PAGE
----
16 Jul Incentive, More Capacity to Educate Nurse Practitioners
A new incentive program and additional seats at Dalhousie University will help ensure Nova Scotia has the nurse practitioners it needs.
The Nurse Practitioner Education Incentive will cover the salaries of up to 10 registered nurses while they attend Dalhousie University’s two-year Master of Nursing nurse practitioner program full-time. In return, recipients will commit to work in one of several designated communities for five years.
“Our top priority is improving access to primary health care and that includes nurse practitioners,” said Health and Wellness Minister Randy Delorey. “Supporting registered nurses to become nurse practitioners will fill a growing workforce need and improve access to collaborative health care.”
An expression of interest will be issued to those accepted to Dalhousie’s nurse practitioner program, family all-ages stream. Recipients will be selected based on whether they live in or are affiliated with one of the designated communities and are willing to relocate.
“Nurse practitioners offer untapped potential in clinics, hospitals and long-term care facilities – particularly in underserved communities. Educating more nurse practitioners, and allowing them to work to their full scope of practice, will go a long way in improving access to care,” says Nova Scotia Nurses’ Union president Janet Hazelton. “Maintaining their salary while in school allows the nurse to study full-time and return to the system sooner than if they were unpaid and studying part-time.”
The eligible geographic areas are:
— Town of Digby, plus 50 kilometre radius of surrounding area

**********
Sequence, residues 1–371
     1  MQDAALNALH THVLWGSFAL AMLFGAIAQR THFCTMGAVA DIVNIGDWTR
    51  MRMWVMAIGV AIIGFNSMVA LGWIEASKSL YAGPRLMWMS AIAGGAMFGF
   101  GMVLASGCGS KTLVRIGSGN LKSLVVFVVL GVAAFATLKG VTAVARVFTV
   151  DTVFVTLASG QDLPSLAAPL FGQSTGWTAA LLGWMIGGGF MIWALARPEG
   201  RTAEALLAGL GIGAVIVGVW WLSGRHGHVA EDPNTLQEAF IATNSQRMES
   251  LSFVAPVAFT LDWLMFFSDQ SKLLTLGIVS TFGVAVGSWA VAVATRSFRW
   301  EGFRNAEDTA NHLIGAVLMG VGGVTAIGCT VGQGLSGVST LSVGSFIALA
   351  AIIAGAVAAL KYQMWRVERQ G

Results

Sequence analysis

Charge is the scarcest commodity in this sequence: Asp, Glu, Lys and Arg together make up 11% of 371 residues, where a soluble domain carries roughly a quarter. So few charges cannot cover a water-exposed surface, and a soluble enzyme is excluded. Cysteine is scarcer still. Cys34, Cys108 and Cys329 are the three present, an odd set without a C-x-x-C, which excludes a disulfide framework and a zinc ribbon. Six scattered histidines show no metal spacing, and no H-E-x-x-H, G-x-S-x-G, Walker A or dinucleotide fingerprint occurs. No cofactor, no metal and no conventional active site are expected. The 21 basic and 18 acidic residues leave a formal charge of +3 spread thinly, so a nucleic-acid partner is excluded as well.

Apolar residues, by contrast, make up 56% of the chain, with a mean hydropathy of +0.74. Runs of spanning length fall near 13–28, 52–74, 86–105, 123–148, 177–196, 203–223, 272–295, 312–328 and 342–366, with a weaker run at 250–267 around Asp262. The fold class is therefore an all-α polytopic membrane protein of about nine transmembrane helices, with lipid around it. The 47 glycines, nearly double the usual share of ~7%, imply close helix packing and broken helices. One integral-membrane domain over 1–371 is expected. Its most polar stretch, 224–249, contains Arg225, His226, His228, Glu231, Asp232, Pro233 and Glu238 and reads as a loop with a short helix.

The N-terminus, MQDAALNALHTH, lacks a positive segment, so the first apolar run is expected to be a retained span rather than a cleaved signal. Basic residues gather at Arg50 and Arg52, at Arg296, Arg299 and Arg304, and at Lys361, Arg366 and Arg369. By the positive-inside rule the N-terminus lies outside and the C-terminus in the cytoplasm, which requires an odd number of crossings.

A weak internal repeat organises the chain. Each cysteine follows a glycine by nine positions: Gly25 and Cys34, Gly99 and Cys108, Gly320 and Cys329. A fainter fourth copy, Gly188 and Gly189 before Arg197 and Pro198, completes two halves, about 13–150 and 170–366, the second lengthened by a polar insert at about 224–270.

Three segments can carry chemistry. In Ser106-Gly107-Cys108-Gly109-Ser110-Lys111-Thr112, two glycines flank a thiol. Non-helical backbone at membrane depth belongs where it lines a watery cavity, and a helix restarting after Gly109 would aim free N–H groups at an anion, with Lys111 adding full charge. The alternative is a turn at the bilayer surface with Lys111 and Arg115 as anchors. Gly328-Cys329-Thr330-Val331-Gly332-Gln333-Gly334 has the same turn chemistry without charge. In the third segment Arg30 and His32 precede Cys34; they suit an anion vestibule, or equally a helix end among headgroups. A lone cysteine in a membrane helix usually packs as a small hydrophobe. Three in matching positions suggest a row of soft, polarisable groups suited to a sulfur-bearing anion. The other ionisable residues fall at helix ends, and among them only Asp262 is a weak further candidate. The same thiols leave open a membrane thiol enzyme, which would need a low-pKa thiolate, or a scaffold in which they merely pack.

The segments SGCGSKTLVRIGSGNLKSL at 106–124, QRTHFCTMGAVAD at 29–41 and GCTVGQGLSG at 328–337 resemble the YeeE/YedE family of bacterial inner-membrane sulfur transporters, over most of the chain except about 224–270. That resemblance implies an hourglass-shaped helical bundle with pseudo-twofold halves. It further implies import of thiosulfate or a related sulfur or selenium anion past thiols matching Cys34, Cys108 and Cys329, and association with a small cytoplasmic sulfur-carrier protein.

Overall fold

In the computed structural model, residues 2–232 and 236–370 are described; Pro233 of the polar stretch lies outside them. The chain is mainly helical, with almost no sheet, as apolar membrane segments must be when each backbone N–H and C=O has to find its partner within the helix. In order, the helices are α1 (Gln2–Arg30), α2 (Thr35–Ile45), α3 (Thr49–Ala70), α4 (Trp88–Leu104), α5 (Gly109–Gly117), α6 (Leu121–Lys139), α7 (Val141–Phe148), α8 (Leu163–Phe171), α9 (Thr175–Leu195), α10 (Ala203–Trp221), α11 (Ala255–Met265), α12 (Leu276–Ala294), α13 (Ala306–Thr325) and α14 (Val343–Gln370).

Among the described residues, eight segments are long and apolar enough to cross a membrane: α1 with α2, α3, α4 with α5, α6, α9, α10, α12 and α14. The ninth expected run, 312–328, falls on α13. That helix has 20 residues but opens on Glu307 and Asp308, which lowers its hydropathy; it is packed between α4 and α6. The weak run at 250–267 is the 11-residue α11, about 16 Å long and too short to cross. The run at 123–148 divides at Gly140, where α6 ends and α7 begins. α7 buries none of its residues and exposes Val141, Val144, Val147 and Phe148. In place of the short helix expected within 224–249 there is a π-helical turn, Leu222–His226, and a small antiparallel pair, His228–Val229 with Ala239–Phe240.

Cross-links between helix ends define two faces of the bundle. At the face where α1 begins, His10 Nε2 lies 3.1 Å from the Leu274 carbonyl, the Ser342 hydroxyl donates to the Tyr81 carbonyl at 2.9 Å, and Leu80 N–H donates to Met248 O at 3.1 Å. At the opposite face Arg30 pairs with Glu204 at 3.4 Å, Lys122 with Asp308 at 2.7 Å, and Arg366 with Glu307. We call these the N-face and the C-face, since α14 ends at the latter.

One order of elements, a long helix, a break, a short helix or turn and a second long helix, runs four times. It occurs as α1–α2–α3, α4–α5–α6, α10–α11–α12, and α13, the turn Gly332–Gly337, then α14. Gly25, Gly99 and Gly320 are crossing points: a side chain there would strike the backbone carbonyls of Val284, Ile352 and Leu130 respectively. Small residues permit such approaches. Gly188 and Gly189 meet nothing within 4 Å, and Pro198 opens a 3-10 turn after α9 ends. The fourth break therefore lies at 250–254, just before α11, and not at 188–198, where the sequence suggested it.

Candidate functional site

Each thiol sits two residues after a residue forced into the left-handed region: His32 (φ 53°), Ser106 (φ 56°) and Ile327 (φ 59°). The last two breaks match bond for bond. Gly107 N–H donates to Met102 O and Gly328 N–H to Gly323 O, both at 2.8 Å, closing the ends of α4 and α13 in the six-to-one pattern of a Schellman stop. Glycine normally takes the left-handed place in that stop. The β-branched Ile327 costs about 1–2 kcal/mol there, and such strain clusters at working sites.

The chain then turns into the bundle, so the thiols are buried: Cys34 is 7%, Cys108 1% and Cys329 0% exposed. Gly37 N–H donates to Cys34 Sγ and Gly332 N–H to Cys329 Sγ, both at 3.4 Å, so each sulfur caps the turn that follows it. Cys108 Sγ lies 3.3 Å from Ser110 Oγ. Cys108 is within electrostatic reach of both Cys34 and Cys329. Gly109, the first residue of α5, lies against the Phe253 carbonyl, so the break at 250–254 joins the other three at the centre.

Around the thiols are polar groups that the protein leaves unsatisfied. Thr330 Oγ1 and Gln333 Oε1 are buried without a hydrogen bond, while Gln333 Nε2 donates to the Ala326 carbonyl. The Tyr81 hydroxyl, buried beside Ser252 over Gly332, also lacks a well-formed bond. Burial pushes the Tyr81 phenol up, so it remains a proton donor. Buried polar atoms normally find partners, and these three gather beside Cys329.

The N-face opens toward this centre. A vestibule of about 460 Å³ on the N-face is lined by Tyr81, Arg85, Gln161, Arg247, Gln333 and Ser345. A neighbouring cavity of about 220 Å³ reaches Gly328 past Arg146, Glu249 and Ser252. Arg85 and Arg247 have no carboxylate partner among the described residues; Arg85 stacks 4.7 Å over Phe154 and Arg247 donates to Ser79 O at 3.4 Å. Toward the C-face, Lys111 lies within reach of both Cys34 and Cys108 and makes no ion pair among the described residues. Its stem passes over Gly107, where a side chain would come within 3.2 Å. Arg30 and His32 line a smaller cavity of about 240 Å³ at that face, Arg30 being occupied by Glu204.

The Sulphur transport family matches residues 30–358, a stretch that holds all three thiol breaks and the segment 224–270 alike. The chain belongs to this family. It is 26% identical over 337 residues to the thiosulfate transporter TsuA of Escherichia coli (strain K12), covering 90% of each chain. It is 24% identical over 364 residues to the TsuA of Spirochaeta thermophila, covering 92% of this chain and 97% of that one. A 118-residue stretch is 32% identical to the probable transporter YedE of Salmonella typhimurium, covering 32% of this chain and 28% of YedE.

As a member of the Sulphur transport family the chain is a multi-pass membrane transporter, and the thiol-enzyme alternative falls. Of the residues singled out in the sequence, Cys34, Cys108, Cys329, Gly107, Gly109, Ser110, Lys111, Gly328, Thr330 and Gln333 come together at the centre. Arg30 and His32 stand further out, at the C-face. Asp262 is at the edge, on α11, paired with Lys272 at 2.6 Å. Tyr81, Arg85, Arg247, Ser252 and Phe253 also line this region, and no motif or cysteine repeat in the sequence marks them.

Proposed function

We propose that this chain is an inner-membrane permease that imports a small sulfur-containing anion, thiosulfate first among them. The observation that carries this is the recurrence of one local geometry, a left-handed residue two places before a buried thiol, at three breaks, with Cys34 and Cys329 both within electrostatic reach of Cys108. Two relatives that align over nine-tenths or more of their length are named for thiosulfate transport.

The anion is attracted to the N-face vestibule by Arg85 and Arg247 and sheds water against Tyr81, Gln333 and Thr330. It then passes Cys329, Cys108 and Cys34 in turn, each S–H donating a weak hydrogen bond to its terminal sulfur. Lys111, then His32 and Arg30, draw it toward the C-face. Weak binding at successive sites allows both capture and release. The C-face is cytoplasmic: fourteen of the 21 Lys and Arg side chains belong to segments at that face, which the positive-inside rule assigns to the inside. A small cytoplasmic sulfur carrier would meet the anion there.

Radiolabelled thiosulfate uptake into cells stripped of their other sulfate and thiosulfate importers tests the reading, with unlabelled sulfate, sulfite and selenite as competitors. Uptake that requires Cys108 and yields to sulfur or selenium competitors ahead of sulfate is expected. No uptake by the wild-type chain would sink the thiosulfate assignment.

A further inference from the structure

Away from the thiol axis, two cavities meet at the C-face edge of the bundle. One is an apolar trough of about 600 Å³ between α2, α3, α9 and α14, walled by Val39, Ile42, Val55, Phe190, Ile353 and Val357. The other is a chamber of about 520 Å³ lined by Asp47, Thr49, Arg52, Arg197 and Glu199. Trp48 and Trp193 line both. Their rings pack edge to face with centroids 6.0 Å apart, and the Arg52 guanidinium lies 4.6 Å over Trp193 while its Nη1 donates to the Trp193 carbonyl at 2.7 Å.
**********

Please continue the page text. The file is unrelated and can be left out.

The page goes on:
— Town of Shelburne, plus 50 kilometre radius of surrounding area
— Cumberland County
— Pictou County
— Cape Breton Regional Municipality
— Inverness County
— Victoria County
— Town of Sheet Harbour, plus 50 kilometre radius of surrounding area
“I think it’s fantastic the importance and benefit of nurse practitioners and how they contribute to the health and wellness of all Nova Scotians is being recognized,” says Cape Breton registered nurse Chris Browner. “This type of forward thinking will improve access to health care and promote wellness in all areas of the province, including those that may have limited access to primary health-care services.”
An arrangement with Cape Breton University will allow students to complete some program requirements locally, minimizing the need to travel to Halifax.
“Educating more nurse practitioners will have a positive impact on the primary health-care landscape of the province,” said Dr. Gail Tomblin Murphy, director School of Nursing and Assistant Dean Research Dal Faculty of Health. “We are thrilled to be part of this solution with our partners in government, Nova Scotia Health Authority and Cape Breton University.”
Government is also funding an additional 25 seats in Dalhousie’s nurse practitioner program. Fifteen seats will be added this academic year and 10 will be added in 2019-20. The total four-year investment is $1.6 million.
“Recruitment has become a challenge in several communities, and this incentive will make a difference in our ability to attract and retain nurse practitioners,” said Carmelle d’Entremont, vice president of People and Organizational Development, Nova Scotia Health Authority. “Nurse practitioners, working with family physicians and other collaborative family practice team members, are enhancing access to comprehensive care for Nova Scotians.”
Government will invest $1.4 million in the Nurse Practitioner Education Incentive over two years.
These initiatives are part of Nova Scotia’s Nursing Strategy, designed to ensure Nova Scotia has the right number, mix and distribution of nurses now and in the future.